Thankfully, Hamlet is not all about Hamlet, and this production had many saving graces in its supporting roles and staging. Wax Wings made good use of the Davis Theatre Black Box, creating an intimate space for audience members to witness a decaying kingdom. However, there were some poor staging choices, such as the decision to have messengers and Laertes (Kyle Blanchette) deliver whole speeches to King Claudius (Thomas Collins) and Queen Gertrude (Holly Newman) with their backs entirely to the audience, especially since the thrust stage mostly served in a proscenium capacity. The production was judiciously cut, and some actors greatly compensated for others that seemed to not fully grasp what they were saying or motivated to do.
I was riveted watching the ghost (Kevin Kordis), eerie as he was in his slow, steady movements and shredded, shrouding black cloak (costuming by JoAnne Greene). I was particularly impressed by the stage business of Conor Burke, who played the gravedigger, Bernardo, and other roles. I found myself quite content to watch the gravedigger play around with an unearthed skull, propping his cap on it and attempting to dig out a gold crown from the jaw, rather than attend to the rest of the scene. In fact, I would applaud the many ensemble actors (Kordis, Orzalli, Schaff, and Burke) who colored in the spaces left blank by some of the main performances.
But I reserve my highest praise for Erin Eva Butcher, who played Ophelia. Her performance made up for any irritations I felt watching Hamlet, or the more un-engaging Claudius and Gertrude. Ophelia is one of the more difficult female roles to play in the Shakespeare canon, despite her prestigious place as top ingénue: we see very little of her motivations, we can only guess at the true nature of her and Hamlet’s relationship (since it mostly takes place before the play begins and offstage), and of course, what is easier to overdo than madness?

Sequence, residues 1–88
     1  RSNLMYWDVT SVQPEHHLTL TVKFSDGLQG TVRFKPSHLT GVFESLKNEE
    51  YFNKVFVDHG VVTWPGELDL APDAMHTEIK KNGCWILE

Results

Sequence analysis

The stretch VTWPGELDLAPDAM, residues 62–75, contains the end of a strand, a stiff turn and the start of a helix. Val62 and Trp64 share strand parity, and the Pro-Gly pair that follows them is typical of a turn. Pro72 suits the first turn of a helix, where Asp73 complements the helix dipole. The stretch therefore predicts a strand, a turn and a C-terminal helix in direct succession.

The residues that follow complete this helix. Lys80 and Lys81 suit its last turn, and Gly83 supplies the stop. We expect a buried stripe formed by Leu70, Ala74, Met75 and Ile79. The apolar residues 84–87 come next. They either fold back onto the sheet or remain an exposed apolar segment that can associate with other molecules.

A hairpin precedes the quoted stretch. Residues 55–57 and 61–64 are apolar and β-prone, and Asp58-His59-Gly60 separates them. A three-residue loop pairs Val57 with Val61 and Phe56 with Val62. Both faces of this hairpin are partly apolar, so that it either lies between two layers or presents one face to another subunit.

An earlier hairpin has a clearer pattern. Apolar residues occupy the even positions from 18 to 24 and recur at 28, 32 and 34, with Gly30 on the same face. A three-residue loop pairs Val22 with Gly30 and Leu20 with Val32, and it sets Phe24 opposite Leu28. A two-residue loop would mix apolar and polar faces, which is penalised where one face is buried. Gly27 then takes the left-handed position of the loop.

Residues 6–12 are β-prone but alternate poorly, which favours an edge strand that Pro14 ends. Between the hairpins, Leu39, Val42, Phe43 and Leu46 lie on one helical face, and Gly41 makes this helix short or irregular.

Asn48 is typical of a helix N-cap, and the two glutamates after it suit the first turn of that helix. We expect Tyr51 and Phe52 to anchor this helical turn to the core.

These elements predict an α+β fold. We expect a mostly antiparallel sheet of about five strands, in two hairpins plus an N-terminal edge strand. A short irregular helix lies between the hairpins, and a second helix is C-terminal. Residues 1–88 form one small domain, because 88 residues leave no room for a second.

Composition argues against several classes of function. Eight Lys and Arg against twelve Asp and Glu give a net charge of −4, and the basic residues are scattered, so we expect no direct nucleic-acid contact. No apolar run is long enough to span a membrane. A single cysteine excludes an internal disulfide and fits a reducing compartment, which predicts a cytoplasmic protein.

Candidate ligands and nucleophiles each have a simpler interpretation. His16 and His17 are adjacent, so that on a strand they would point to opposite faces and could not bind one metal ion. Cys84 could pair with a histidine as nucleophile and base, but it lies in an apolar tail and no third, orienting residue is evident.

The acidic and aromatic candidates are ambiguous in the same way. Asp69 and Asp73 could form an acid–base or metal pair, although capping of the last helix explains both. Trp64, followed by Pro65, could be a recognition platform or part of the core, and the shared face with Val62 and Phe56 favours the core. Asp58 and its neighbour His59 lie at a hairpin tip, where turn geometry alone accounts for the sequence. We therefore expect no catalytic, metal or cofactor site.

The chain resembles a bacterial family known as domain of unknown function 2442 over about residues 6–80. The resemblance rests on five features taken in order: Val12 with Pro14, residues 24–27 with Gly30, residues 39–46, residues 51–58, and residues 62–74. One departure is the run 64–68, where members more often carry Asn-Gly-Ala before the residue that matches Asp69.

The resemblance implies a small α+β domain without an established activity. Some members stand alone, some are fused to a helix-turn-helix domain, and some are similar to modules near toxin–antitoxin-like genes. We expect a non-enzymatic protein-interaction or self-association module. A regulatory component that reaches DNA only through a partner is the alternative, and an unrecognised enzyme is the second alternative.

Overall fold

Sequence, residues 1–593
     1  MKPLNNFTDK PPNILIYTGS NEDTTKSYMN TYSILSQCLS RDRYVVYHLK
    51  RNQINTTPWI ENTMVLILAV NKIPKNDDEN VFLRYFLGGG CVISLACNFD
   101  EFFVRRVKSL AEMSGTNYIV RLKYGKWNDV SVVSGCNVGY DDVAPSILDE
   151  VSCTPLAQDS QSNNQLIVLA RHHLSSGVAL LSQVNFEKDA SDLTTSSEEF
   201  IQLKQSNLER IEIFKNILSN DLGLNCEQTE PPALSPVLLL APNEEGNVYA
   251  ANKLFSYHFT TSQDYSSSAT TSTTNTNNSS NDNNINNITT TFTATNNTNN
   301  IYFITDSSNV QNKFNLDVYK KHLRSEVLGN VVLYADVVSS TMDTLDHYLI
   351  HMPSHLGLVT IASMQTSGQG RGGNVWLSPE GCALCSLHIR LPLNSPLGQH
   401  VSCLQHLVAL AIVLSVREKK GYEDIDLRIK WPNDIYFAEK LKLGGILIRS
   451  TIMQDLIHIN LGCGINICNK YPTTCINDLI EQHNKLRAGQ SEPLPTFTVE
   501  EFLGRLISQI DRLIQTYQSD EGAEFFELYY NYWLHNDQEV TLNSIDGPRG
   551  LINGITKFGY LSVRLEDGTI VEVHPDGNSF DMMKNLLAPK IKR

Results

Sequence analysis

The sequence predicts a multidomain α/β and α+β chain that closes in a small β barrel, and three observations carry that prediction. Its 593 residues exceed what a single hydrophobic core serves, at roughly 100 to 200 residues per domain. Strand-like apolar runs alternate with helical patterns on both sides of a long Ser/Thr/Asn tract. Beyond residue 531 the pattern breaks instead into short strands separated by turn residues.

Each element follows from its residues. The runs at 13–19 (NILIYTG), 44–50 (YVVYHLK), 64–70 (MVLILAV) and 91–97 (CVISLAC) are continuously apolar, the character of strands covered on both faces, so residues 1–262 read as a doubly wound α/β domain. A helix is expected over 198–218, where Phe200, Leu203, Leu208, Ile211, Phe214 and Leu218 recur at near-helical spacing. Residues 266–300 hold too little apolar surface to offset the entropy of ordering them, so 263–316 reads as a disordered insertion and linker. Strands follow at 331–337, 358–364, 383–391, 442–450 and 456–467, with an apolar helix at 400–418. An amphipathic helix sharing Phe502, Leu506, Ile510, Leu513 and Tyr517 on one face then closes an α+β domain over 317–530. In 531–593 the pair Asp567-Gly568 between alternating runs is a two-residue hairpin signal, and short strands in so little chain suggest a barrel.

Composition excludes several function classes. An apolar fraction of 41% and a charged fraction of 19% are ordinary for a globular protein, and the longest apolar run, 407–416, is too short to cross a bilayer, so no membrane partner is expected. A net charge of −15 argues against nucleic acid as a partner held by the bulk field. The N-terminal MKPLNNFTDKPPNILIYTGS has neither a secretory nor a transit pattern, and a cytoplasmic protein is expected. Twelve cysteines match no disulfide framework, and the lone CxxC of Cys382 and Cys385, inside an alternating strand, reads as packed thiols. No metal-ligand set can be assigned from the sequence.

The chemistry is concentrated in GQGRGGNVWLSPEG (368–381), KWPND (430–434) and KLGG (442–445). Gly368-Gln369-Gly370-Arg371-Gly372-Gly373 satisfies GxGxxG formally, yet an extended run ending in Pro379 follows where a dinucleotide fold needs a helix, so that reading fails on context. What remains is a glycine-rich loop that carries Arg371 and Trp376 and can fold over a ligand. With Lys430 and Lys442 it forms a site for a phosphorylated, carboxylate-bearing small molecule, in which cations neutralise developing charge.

The nunnery scene provided an interesting contrast of how intensity can be portrayed divorced of fluctuations in volume. Rather than delivering a half-baked, breathy ingénue, Butcher’s Ophelia spoke intelligently and hesitantly to the raving Hamlet. In other scenes, she expressed true affection for her brother Laertes and a fascinating discomfort with her father Polonius (played by an excellent Daniel Boudreau, whom I would have loved to have seen play Claudius). But I was most impressed by her madness scene.
At first it didn’t seem as if it would stand out in any particular way. But when the distraught girl began handing out flowers, something unexpected happened. “There’s rosemary, that’s for remembrance”: Ophelia directed those lines to yours truly, sitting in the front row of the audience. I hesitated, and chose to not take the offering. Instead, I locked eyes with Butcher. This was definitely a more effective way to break down the fourth wall; in the middle of that staring contest, I received the chilliest look I have ever received from a character, either onstage or sitting in an audience. Abruptly, the mad Ophelia turned away and made a flower offering to someone sitting a few seats to my right; even after she turned away, the icy feeling remained. It was an exciting moment.
While this production could have used some major tweaking (a toned-down Hamlet, to start with), the clean staging (including obviously well-rehearsed stage combat) combined with the talents of the supporting characters, as well as those of Boudreau, Blanchette, and especially Butcher, certainly left me leaving the theatre “with my mind at work,” an objective described in the program notes. After my evening in Denmark, I’d certainly be interested in seeing Wax Wings tackle other Shakespeare plays in the future.